Deputy speaker, Idris Wase explains why he rejected petition on insecurity from Nigerians living abroad
Deputy Speaker of the House of Representatives, Idris Wase has explained why he rejected a petition on insecurity from Nigerians living abroad which was presented on the floor of the lower chamber of the national assembly by Mr Mark Gbillah who represents Gwer East-Gwer West constituency of Benue State.
Wase in a statement released by his media aide Umar Puma, stated that the petition from a socio-cultural association based in the United States which alleged that indigenes of their community have not been resettled in their ancestral land after being sacked by gunmen, was rejected “based on rules of parliamentary procedures”.
The Deputy Speaker who alleged that the reports in circulation had been “doctored, slanted and bent to give political and ethnic coloration to an event that was otherwise strictly based on parliamentary procedures”, further averred that the Benue lawmaker was stopped from presenting the petition “based on the identity(ies) of the petitioners and not based on the fact that they are based outside Nigeria.”
According to him, every petition must be presented by a sponsor on behalf of an identifiable petitioner who can either be an individual/groups of individuals or registered corporate entity.
“Whilst it would have been unnecessary to respond to such a show of clear mischief by mischief-makers with malicious intents, it has, however, become imperative to clear the air on the matter in order to educate the ignorant and reassure the enlightened.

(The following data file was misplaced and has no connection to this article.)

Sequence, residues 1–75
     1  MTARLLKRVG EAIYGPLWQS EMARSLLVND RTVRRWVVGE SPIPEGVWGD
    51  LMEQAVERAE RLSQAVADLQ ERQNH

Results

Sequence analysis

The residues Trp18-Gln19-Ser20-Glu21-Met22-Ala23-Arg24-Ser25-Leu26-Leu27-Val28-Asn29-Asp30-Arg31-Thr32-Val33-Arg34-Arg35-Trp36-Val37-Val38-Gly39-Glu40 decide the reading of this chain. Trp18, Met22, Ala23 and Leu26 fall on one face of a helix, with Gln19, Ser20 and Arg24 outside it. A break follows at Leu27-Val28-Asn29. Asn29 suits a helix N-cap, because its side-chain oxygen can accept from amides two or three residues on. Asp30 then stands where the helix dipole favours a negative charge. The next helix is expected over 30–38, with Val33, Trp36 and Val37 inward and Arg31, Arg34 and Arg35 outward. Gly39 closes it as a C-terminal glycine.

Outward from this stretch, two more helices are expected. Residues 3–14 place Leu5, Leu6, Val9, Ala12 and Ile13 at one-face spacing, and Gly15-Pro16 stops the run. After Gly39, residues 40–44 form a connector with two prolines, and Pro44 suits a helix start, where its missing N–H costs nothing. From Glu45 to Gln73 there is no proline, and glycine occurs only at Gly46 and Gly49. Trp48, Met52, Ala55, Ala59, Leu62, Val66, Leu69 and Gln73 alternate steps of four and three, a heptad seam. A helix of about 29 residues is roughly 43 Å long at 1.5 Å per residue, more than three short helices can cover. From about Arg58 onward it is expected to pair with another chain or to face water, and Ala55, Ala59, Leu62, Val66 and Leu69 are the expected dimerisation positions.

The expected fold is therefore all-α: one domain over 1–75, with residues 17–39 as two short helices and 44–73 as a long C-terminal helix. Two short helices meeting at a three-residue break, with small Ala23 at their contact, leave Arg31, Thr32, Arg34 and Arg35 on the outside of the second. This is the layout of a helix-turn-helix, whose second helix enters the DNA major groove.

“To set the records straight, let it be categorically stated that the crux of the encounter between the Deputy Speaker, presiding as Speaker, and Honourable Mark Gbillah was on the LEGAL IDENTITY (and flowing from that, the LOCUS) of the Petitioners and not on the whether Nigerians in diaspora have a right to petition the House or not.
“The House of Representatives belongs to all Nigerians and can be accessed by all Nigerians wherever they may reside. However, like other arms of Government, (such as Courts of Law), Petitioners must follow laid down rules and procedures in presenting their petitions to the House, otherwise there would be lawlessness, disorder and chaos.”
The Deputy Speaker who backed his action with Order 8, Rule 3, para. 5 (a)-(f) of the House rules which says, “Every petition must be signed by at least one person, followed by the addresses of the persons signing and a corporation should sign in a petition with its Common Seal”, added that as a fourth term member of the lower legislative chamber and an old member of the committee on public petitions, he did nothing but bring to bear his experience in guiding the sponsor of the petition on the proper procedure to adopt in presenting the said petition.
Wase also restated the commitment of the 9th House to continue “to promote freedom of speech and associations as well as provide platforms for all Nigerians irrespective of their religions or tribes or whether resident in Nigeria or in diaspora; while also upholding the sacred principles, rules and procedures of parliamentary democracy”.
“In the current incident, the Sponsor of the Petition read the Petitioners as: ASSOCIATION OF TIVS RESIDENT IN THE UNITED STATES. For any experienced Parliamentarian, this very coinage raises a lot of technical questions. Are the Petitioners represented here in Nigeria via a Nigerian Office or a Legal Practitioner or are they totally absent from the scene? Are they registered as an Association with the Corporate Affairs Commission? If they are absent and a hearing were to be organised, who would the members of the Committee on Public Petition be addressing, questioning or interrogating? Would the Petitioners be able to give first hand witness testimony as to the issues raised in their petition?
“These and other technical complications were what the Deputy Speaker tried to interrogate, to which sufficient answers were not provided thus stalling the presentation of the Petition.
“Note that the House has over the years entertained petitions from Nigerians in diaspora. However, those petitions were properly presented before the House without any ambiguity as to the identity of the petitioners or as to their locus and availability to speak to the issues raised in such Petitions.”